• Sofie Fatale's cell phone ringtone is Auld Lang Syne in the film Kill Bill Volume 1.
  • In the 2008 film Sex and the City, a recording by Scottish singer Mairi Campbell is used during a montage depicting the characters' actions at New Years. The recording is notable for its use of the original melody as opposed to the commonly performed melody sung today. It is also in contrast to the joyous and jubilant arrangements commonly heard on celebratory occasions, as it consists merely of an acoustic guitar and strings accompanying Campbell's vocals.
  • The American PBS television series Great Performances program titled "Garrison Keillor’s New Year’s Eve Special" had the audience sing an adaptation of the lyrics with a humorous last verse: "I think of all the great, high hearts I had when I was young / And now who are these sad old farts I find myself among?"
  • The music has also been used in game shows, most notably when the sign changed every year on the CBS Match Game and during the credits on the final episode of the original Concentration in 1973.
  • Friz Freleng's 1942 cartoon The Wabbit Who Came to Supper has Bugs Bunny suddenly claim that it is New Year's Day to stop Elmer Fudd from chasing him. Bugs starts singing Auld Lang Syne, only to have Elmer look at a calendar and realize that it is actually July.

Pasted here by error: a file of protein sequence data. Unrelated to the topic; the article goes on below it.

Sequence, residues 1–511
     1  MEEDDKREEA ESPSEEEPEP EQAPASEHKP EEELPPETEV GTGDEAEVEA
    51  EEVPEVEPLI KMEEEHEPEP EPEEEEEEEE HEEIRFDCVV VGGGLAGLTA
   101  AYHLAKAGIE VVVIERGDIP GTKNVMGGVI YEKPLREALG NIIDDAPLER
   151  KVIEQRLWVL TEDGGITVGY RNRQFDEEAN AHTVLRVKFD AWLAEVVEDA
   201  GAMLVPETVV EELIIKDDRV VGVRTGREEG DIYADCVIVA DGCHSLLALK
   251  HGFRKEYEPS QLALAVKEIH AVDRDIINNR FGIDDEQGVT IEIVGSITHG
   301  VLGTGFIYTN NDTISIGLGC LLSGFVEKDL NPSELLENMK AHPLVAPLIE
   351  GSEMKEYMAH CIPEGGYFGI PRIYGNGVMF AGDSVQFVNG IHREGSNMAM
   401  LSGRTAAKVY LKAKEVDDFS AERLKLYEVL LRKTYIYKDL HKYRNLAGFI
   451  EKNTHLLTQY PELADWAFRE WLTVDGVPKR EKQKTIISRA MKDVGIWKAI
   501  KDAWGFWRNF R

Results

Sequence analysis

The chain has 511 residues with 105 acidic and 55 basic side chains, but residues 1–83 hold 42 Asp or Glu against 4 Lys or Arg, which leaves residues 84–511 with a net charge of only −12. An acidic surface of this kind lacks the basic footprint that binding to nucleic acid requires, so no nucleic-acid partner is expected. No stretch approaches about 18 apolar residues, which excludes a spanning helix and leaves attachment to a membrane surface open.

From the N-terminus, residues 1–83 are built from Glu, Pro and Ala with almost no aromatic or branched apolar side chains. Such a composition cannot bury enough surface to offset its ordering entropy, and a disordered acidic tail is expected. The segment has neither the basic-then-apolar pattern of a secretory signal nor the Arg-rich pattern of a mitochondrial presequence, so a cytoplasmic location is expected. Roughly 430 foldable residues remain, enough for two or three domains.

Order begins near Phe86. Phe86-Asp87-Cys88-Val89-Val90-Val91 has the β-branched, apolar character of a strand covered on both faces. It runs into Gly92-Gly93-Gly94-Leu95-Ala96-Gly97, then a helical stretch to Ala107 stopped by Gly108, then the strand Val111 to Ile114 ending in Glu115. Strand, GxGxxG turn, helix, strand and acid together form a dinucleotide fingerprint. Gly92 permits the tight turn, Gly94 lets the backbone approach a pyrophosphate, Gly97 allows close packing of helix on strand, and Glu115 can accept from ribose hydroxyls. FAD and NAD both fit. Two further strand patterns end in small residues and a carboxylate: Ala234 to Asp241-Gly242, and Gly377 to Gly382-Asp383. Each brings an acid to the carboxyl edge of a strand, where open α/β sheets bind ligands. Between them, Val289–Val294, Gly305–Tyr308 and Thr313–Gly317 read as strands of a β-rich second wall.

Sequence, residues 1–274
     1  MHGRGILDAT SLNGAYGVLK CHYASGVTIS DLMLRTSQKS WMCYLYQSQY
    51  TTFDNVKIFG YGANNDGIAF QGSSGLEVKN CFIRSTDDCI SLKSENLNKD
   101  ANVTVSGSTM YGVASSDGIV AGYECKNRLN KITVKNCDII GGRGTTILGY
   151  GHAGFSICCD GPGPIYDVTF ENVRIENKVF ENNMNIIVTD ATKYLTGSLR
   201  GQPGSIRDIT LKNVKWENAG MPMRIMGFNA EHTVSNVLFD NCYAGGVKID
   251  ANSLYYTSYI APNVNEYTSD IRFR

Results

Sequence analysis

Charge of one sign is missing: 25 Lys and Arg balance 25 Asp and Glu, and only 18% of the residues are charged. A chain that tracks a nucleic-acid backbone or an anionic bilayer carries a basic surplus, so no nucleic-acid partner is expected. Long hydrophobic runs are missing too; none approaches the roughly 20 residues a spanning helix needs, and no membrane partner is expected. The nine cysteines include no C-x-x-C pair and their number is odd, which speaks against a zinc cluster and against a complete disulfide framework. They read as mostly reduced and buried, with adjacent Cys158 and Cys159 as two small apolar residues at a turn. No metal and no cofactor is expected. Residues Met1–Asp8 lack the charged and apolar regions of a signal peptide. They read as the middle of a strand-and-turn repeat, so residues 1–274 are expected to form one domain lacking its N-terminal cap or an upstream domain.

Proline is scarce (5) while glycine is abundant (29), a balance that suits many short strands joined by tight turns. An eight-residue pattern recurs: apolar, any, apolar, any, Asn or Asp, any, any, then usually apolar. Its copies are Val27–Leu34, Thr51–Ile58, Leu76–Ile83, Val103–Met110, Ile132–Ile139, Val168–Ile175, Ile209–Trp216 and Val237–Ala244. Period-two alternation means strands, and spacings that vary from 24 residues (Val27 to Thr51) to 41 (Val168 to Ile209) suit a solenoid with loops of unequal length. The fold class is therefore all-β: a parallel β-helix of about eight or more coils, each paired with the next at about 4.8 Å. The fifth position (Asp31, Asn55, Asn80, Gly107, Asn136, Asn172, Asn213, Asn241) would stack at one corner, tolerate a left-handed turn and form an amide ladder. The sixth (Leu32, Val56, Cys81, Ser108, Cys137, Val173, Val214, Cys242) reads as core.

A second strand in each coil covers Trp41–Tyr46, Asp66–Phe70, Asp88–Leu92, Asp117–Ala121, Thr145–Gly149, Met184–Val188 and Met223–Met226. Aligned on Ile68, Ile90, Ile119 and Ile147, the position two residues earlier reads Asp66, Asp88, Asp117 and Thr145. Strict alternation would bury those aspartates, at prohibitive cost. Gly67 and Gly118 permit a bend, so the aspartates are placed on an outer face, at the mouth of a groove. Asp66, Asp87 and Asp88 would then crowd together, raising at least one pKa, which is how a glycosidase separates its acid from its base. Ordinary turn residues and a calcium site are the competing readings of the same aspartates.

• In the 1987 Bernardo Bertolucci film The Last Emperor, a small Chinese orchestra plays the song on traditional Chinese instruments as the emperor's tutor, Reginald Johnston, boards a ship to leave China and return to England.
  • From Forrest's New Years celebration with Lt. Dan in NYC, the drunk collective singing Auld Lang Syne to welcome in the new year.
  • Sex & The City, New Years, Sarah Jessica Parker

Some notable performances

  • A somewhat different use of the song as a farewell occurred in October 2000, when it was played as the body of former Canadian Prime Minister Pierre Trudeau left Parliament Hill in Ottawa for the last time, going to Montreal for the state funeral.
  • On the sinking of the Japanese ship Montevideo Maru in World War II, carrying 1,053 Australians (mostly POWs), the Australians in the water sang this for their trapped mates as the ship went down. Surviving Japanese crewman Yosiaki Yamaji reflected on this moment as realising what big hearts the Australian soldiers had.